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In Trump’s view, Apple is emblematic of US manufacturers responsible for killing domestic jobs by buying components made and assembled overseas. The iPad employs chips designed in Britain by ARM, memory from South Korea’s Samsung and Japan’s Toshiba and Elpida Memory, with assembly by Foxconn in Taiwan.

But step back and Trump’s economic nationalism extends beyond the obvious target of Apple – it takes in a broad swath of tech firms large and small from “ordinary” US states and places.

Over in Trump-friendly Texas, Dell employs Samsung’s NAND in its storage devices with Massachusetts-based EMC also employing Sammy’s memory.

Up in the Hillary-Clinton-supporting northwest, Microsoft uses the Foxconn-like Pegatron in Taiwan to build its Surfaces, which also happen to employ Samsung’s SSD.

Technology firms across the US, not just Silicon Valley, are plugged into the global sourcing and integration of components.

The rise of IoT takes this into newer, smaller devices – no longer just the big stuff of enterprise or the shiny stuff in the hands of consumers.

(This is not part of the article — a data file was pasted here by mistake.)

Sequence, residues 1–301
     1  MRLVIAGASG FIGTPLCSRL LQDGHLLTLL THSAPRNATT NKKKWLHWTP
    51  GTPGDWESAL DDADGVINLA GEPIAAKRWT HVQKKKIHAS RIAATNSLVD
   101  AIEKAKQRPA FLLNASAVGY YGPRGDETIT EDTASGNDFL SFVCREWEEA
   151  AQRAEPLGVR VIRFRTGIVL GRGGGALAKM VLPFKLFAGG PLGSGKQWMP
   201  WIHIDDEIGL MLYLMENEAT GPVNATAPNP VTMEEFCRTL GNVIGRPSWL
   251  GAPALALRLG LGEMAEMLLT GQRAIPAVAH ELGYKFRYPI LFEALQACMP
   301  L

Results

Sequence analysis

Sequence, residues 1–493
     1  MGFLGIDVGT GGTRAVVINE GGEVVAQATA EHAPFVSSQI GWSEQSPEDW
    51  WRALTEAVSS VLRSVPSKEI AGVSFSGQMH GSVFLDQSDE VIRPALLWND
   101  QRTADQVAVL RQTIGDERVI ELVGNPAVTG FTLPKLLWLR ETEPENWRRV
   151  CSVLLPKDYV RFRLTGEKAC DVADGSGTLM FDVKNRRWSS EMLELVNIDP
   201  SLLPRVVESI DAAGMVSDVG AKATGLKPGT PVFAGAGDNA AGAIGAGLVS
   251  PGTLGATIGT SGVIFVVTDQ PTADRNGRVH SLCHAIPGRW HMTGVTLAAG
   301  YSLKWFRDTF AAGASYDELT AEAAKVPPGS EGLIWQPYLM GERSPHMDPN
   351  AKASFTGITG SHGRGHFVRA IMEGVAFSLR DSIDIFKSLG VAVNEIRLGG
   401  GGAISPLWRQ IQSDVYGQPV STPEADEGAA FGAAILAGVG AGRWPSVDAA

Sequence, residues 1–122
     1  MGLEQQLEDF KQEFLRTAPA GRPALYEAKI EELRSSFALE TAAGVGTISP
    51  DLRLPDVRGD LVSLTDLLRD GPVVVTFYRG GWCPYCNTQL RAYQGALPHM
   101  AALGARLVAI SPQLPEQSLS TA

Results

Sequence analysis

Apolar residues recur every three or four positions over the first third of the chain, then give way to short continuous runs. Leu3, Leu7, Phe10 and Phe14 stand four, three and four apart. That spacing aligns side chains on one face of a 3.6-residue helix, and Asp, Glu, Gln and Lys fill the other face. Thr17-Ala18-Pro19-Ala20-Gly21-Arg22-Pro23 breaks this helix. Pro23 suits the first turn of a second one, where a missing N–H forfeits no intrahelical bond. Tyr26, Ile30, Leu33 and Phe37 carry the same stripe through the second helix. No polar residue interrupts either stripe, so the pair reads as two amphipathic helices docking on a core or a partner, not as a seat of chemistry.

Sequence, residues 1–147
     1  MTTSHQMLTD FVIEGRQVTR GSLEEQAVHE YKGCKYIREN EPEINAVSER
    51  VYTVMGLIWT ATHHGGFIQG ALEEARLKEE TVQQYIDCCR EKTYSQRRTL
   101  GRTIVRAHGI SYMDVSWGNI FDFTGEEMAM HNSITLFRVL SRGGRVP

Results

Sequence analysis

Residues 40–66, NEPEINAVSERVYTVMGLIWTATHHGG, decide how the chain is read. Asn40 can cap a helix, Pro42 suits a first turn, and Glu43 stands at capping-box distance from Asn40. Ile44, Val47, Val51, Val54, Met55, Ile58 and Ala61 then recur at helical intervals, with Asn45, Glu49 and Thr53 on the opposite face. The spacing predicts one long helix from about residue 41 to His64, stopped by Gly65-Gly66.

US firms that are part of this global supply chain will pay more in tax.

Trump has proposed to tax goods from US companies made abroad and imported with a 35 per cent levy on goods coming from Mexico. He has also talked of a 15 per cent tax on “outsourcing jobs” and an apparent further 20 per cent tax for all imported goods.

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It’s therefore reasonable to expect the price of tech to increase domestically in the long term and for the cost to feed in internationally.

There is a “but”, however. Donald Trump himself. Given his propensity for verbal pugilism during the presidential campaign, it’s difficult to know what words were intended simply to score points and grab the sound bite and which was actual policy in the making

Comment
If companies invested a fraction of the amount of the cost to move overseas in training, then the landscape would be far different today. The likes of Apple just accelerate the race to the bottom and hollow out the middle class adding the income disparities that we see today.